Berg et al. (2013) writes that the consultant informs the group about the completion of the work in advance, approximately two sessions before the completion. This step is aimed at allowing the group members to work through their questions as much as possible. If the counselor comes up with the idea of ending the group earlier, the participants’ mindset will focus on completing the group and block work on the areas of the initial commitment. Berg et al. (2013) notes that Dies and Dies (1993) suggested four steps that gently lead to completion: discuss any unfinished business, define future life goals after treatment ends, consider alternative therapies (such as personal counseling), and explore the feelings of each participant related to the end of the group. Corey and Corey (2005) have a different perspective on group completion. They ask specific questions to get feedback: “1. how the participants perceive themselves in the group; 2. what the group meant to them; 3. what conflicts became clearer; 4. what decisions were made.” After this survey, participants discuss their perception of the participant who answered these questions. Being able to express their thoughts openly considered a good exercise, because it allows participants to analyze and understand the events and changes that have occurred, and become motivation to take action. However, there are drawbacks to such exercises, as some participants only give positive feedback, especially in cases where the participants have built a good relationship.

    Based on the above, this writer concludes that there is no single recipe for all groups as well as for work in personal counseling. The consultant should rely on his feelings and knowledge; show his creativity in every step of the development of the group, especially at the last stage – the stage of completion.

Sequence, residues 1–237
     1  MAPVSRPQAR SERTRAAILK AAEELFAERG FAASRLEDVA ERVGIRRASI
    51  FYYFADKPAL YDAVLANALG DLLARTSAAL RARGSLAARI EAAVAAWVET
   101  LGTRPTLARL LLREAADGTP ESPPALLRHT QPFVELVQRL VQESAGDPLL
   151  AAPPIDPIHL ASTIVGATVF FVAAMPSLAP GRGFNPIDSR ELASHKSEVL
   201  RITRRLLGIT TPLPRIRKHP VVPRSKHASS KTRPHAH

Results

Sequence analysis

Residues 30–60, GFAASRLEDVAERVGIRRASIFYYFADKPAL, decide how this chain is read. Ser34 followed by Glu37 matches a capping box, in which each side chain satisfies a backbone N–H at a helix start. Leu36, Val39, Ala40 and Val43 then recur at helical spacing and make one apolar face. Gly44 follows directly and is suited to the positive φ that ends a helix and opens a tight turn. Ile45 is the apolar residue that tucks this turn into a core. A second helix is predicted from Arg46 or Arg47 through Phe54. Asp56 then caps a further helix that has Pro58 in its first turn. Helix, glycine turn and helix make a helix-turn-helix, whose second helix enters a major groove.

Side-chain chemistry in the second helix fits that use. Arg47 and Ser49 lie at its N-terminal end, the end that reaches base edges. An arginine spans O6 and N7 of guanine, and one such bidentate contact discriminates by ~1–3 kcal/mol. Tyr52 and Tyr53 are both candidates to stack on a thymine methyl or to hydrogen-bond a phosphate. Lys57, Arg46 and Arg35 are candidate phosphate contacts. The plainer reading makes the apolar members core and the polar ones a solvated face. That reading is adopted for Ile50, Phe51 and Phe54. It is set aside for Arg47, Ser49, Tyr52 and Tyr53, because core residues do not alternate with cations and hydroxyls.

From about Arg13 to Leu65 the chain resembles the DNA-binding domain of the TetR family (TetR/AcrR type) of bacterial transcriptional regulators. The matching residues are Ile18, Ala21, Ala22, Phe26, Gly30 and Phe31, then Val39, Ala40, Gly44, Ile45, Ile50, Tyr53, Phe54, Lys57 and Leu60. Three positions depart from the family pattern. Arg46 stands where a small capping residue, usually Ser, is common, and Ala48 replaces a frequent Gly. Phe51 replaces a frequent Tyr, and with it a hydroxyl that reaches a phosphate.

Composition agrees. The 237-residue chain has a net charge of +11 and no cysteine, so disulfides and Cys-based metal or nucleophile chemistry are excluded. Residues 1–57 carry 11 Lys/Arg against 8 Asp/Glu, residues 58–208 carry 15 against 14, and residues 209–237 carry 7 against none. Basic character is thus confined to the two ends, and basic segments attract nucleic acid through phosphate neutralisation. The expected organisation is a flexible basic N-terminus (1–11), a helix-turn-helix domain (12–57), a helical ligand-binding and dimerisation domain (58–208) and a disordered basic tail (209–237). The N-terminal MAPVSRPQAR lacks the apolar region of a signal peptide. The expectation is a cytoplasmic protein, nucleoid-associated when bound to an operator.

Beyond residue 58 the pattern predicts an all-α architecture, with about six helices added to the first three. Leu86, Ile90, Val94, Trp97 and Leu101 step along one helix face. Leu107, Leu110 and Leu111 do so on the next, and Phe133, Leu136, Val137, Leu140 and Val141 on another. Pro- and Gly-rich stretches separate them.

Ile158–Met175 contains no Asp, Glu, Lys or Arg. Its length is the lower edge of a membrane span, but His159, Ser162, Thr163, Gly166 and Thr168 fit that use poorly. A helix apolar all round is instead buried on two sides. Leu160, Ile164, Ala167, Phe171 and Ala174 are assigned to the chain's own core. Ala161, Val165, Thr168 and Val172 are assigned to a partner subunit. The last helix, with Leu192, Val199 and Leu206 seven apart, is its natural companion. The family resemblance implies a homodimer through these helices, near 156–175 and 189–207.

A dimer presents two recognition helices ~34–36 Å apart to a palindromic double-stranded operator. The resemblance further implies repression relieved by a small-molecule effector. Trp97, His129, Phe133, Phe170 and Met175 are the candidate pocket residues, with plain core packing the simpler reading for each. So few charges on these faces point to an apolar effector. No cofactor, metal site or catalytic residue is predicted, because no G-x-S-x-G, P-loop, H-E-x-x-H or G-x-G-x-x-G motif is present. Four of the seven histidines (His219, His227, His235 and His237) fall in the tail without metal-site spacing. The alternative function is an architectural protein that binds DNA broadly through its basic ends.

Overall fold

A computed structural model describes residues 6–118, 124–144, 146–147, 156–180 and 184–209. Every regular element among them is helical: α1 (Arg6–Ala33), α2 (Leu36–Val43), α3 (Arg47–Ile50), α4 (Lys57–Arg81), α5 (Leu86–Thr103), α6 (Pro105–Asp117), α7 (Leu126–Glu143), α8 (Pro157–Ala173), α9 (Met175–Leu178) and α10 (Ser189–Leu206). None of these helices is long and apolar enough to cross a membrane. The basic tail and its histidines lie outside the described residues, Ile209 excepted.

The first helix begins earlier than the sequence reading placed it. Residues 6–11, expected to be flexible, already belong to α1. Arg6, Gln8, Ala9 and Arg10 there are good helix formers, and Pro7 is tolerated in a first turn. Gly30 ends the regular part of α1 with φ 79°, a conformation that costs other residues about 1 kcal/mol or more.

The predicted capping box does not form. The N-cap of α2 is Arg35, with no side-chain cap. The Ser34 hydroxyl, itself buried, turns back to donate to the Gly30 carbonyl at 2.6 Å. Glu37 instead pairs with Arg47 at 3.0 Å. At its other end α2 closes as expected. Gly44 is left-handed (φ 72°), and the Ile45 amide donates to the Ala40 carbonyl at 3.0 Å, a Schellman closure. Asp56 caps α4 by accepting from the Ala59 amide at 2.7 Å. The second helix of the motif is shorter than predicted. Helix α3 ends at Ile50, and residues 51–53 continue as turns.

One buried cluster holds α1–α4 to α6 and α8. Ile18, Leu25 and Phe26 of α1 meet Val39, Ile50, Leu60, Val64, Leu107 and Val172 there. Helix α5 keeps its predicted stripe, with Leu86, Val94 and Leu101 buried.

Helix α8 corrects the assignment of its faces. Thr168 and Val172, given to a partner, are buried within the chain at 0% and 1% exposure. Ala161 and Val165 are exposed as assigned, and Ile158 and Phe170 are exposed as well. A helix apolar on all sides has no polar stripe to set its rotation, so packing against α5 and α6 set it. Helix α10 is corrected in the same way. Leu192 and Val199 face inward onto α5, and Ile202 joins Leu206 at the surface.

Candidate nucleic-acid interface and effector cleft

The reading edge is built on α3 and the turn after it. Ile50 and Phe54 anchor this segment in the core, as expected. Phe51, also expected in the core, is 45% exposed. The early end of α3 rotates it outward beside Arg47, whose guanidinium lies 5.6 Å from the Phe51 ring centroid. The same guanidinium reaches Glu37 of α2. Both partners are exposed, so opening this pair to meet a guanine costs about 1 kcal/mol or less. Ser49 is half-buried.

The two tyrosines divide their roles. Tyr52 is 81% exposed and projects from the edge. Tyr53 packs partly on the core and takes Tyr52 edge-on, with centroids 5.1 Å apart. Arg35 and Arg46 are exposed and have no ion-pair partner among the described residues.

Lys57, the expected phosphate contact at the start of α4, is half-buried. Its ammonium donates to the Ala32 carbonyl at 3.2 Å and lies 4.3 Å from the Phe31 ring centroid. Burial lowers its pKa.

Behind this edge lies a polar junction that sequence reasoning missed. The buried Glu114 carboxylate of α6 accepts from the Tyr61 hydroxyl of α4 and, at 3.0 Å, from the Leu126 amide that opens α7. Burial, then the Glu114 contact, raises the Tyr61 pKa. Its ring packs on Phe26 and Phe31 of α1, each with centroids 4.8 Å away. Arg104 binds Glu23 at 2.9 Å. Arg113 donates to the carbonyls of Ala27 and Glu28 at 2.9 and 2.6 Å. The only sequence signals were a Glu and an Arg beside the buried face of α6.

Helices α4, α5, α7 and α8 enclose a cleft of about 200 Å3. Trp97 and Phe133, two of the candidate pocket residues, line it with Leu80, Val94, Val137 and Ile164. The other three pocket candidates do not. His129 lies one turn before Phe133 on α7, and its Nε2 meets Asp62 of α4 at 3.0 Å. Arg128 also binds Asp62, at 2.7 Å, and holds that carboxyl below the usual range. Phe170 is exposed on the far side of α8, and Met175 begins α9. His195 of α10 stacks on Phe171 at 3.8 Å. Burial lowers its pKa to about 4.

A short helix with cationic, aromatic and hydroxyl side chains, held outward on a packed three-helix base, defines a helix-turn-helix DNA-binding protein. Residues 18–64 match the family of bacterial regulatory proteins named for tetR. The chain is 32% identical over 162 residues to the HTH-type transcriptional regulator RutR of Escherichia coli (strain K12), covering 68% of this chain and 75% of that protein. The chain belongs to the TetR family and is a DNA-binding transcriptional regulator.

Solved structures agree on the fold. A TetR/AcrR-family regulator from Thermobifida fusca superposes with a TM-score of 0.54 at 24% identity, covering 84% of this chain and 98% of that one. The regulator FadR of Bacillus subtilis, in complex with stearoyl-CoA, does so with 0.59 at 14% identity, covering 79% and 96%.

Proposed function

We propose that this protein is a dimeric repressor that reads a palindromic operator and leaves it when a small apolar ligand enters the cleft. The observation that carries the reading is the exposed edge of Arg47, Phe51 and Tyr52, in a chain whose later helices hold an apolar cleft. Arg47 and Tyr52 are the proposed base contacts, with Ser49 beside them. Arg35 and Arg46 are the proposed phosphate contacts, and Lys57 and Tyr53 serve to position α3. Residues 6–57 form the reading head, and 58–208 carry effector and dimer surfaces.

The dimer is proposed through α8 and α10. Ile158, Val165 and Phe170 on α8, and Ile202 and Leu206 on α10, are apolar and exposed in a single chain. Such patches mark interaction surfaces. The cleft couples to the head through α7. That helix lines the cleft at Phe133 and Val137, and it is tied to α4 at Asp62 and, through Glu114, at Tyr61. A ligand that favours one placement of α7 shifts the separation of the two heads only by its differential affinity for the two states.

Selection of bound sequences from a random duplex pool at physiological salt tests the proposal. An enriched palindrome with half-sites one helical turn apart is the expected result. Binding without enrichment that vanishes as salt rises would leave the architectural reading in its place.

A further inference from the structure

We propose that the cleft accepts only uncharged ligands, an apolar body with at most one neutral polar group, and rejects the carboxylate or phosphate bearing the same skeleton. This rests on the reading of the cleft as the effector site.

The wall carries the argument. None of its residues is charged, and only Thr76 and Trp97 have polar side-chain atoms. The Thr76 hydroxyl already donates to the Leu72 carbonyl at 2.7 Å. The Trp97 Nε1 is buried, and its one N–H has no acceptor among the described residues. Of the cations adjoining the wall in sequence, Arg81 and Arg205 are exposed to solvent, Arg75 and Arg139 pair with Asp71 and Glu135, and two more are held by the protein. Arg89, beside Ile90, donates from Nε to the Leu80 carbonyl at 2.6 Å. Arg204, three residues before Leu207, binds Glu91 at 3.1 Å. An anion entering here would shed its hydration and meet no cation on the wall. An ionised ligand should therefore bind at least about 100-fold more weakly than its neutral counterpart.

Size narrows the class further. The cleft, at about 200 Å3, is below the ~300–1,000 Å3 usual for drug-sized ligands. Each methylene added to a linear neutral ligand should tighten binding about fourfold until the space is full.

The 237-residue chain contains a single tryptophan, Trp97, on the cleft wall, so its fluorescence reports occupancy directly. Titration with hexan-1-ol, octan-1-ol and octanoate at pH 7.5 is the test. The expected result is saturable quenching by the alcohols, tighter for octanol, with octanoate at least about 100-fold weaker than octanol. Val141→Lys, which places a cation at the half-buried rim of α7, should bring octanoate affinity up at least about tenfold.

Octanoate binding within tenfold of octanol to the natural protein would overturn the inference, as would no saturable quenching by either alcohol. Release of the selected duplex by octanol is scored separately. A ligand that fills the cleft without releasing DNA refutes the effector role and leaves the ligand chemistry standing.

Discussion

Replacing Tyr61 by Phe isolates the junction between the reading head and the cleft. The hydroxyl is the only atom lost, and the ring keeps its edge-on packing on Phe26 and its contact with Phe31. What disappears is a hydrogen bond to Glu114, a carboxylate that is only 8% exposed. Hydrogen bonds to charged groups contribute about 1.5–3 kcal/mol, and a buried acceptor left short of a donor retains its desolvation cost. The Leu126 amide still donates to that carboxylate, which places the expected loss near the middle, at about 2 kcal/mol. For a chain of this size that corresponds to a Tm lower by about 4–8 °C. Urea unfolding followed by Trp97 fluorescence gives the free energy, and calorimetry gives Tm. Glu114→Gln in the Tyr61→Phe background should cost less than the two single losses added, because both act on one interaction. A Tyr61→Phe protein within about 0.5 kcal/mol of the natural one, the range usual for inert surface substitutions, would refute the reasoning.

References

    Berg, R., Landreth, G. L., & Fall, K. A. (2013). Group counseling: Concepts and procedures. New York: Routledge. Ch.7; Ch.8

    http://search.ebscohost.com/login.aspx?direct=true…

    DQ#2 Pre-Screening Questions

    Josseline R

    This writer is running a domestic violence group therapy that will run over the course of 8 sessions. The group is homogeneous and includes women ages 18-35 who have been in domestic violent relationships. Pre-screening is utilized to ensure that the group members are a good fit for group therapy. Research has shown that screening, counseling, and referring IPV victims to treatment is the initial step towards addressing the IPV problem (Schrier, Rougas, Schrier, Elisseou, and Warrie, 2017).

    The first question that this writer would ask the potential group members is “Related to the theme of our group, domestic violence, what do you need to learn?” (DeLucia-Waack, 2006). This writer believes that this is an important question because this writer can learn what the person wants to gain from group therapy as well as what they believe they lack. The counselor can assess whether or not their goal is realistic and if it fits with the overall group goal (DeLucia-Waack, 2006).

    The second question that this writer would ask is “What things could you do in this group to help you with this goal?” (DeLucia-Waack, 2006). This writer would ask this question because the counselor can see what the individual believes they can do and assess where their level of motivation is at. This writer can also assess if the goal can be worked on in this group and whether they have insight into the development of the problem (DeLucia-Waack, 2006).